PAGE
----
I am currently a Presidential Management Fellow (PMF) at the Consumer Financial Protection Bureau (CFPB), a government agency that monitors and regulates consumer financial markets to ensure that Americans are economically protected when interacting with banks, lenders, and other consumer finance institutions. I am on the mortgage and housing markets monitoring team. The Presidential Management Fellowship is a 2-year program for those who have completed graduate school. PMFs are able to rotate to different departments throughout the federal government and get a glimpse into the work executive agencies conduct. There is also an opportunity to convert to a full-time federal employee after the fellowship ends.

How has your career progressed since we last spoke?

It has been a while since I went to Vietnam as a Gilman Scholar in 2018. Since then, I have taken advantage of different fellowships and scholarships that have helped me define my professional interests. Immediately after studying abroad in Vietnam, I was a Public Policy and International Affairs (PPIA) Fellow at the University of Michigan for a summer taking public policy classes focusing on domestic and international issues. After graduating from undergrad, I joined the inaugural Lead for America (LFA) Hometown Fellows class. As an LFA Hometown Fellow, I went back to my hometown of St. Louis for two years and worked on many local economic development and policy advocacy initiatives in low-income areas across the region. I helped lead community initiatives focusing on neighborhood redevelopment, small business pandemic relief, and policing and public safety. After two years of working in St. Louis, I was awarded a Schwarzman Scholarship to study for a year at Tsinghua University in Beijing, China, where I received a Master of Global Affairs. My time in China was just as life-changing as, if not more than, my time in Vietnam. I further cultivated my desire to work at both the national and international levels, focusing on issues such as economic inequality, climate justice, and US-China relations. My Gilman Scholarship was definitely a foundation that helped push me to pursue more scholarships and fellowships!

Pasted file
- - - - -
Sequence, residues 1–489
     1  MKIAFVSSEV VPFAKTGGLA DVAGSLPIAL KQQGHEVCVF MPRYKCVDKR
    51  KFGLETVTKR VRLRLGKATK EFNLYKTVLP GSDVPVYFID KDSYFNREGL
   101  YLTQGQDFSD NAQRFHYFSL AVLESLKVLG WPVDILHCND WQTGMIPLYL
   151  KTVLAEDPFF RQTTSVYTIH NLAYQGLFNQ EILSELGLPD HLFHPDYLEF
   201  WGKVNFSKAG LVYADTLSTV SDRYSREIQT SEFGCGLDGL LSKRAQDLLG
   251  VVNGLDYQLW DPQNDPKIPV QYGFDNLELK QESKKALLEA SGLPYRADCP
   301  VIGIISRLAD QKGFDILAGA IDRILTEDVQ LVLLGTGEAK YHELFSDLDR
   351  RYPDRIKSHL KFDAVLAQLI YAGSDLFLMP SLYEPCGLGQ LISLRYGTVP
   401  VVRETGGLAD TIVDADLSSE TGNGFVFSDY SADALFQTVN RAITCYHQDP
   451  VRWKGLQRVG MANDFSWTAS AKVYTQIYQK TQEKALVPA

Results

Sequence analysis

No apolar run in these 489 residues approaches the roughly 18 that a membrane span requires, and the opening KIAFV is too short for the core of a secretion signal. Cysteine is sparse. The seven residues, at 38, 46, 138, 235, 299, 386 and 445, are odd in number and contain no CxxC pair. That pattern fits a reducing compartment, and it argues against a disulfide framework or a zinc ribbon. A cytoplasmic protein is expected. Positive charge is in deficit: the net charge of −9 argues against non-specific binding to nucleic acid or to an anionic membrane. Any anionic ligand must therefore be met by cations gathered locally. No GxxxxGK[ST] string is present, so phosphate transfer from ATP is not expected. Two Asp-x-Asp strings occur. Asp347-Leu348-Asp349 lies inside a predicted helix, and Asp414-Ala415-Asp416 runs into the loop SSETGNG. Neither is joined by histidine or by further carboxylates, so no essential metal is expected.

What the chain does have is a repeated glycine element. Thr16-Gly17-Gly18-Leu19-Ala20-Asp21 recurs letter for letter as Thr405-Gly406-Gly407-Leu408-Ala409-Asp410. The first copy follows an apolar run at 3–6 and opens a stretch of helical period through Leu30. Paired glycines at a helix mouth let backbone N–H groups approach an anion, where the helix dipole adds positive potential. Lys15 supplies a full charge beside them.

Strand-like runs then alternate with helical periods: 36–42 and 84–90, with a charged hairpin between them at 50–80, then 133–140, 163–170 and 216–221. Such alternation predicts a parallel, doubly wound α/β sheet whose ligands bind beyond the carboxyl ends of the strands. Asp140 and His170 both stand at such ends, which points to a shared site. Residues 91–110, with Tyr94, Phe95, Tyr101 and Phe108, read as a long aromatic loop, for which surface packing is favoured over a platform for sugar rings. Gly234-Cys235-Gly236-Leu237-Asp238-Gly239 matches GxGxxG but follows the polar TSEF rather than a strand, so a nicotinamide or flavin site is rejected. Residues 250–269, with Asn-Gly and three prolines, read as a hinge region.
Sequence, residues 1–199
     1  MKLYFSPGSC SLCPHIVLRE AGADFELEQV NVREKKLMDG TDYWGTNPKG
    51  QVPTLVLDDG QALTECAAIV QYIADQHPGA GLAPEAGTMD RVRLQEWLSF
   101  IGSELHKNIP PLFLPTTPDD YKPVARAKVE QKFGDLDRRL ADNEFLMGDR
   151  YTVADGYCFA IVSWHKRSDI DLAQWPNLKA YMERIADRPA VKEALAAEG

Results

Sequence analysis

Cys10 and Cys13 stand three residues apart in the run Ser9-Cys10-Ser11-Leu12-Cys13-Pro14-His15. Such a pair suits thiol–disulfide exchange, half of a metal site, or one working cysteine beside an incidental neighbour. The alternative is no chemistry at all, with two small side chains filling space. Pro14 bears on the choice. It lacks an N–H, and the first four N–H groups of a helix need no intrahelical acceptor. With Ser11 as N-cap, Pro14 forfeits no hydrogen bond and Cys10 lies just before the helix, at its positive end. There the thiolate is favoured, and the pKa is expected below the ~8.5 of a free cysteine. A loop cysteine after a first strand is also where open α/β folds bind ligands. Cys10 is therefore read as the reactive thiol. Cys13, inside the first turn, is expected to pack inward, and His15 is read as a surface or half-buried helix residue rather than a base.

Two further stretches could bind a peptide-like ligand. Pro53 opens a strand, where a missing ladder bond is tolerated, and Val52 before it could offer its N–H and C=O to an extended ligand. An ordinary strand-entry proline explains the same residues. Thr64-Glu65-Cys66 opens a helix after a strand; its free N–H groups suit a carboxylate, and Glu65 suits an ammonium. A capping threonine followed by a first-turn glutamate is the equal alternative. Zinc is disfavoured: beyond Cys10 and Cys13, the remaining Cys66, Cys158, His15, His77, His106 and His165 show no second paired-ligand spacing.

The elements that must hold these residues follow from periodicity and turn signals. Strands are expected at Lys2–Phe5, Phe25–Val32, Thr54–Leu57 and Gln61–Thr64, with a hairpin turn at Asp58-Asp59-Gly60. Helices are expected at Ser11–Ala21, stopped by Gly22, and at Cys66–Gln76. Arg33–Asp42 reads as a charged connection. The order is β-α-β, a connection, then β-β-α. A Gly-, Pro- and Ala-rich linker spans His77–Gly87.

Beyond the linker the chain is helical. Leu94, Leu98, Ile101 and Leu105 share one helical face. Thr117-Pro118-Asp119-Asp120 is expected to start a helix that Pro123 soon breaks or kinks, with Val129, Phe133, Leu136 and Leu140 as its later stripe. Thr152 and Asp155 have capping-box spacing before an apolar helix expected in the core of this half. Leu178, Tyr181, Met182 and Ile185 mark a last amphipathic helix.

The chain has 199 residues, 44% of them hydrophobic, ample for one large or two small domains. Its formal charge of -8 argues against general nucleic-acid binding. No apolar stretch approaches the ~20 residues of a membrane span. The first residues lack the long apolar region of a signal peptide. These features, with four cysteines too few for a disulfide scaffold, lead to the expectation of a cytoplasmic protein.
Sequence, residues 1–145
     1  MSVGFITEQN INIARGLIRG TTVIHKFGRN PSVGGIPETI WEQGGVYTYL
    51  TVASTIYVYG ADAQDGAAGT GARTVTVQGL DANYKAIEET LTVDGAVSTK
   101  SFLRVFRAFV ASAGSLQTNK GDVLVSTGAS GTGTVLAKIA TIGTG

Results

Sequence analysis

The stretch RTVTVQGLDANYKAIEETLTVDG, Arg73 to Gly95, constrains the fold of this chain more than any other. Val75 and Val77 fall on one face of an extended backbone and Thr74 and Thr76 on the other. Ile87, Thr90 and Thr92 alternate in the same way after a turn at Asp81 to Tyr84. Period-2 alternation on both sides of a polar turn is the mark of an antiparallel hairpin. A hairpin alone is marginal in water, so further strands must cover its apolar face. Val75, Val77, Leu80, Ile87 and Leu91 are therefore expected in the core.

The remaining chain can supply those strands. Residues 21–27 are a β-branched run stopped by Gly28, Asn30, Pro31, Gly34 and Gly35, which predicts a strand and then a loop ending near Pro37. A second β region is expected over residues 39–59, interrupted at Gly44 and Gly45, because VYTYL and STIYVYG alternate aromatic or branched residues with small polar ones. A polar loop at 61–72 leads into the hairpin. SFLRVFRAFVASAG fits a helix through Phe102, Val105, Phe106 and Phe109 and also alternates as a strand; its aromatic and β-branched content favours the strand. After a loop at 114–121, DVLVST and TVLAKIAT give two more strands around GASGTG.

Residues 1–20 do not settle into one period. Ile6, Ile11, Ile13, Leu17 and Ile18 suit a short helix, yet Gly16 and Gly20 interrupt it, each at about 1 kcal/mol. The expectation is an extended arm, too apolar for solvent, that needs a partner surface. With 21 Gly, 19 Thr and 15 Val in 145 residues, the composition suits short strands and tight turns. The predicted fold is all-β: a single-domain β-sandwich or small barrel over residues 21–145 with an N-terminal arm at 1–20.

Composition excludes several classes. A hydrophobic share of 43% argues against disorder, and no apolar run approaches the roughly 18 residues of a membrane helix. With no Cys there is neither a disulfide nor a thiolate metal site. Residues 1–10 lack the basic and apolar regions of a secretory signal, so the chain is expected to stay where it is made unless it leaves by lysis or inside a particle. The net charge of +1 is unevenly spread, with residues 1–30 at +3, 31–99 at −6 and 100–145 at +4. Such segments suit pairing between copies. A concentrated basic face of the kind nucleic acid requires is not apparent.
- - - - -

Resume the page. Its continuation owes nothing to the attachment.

What important initiatives or research have you been a part of in the course of your career?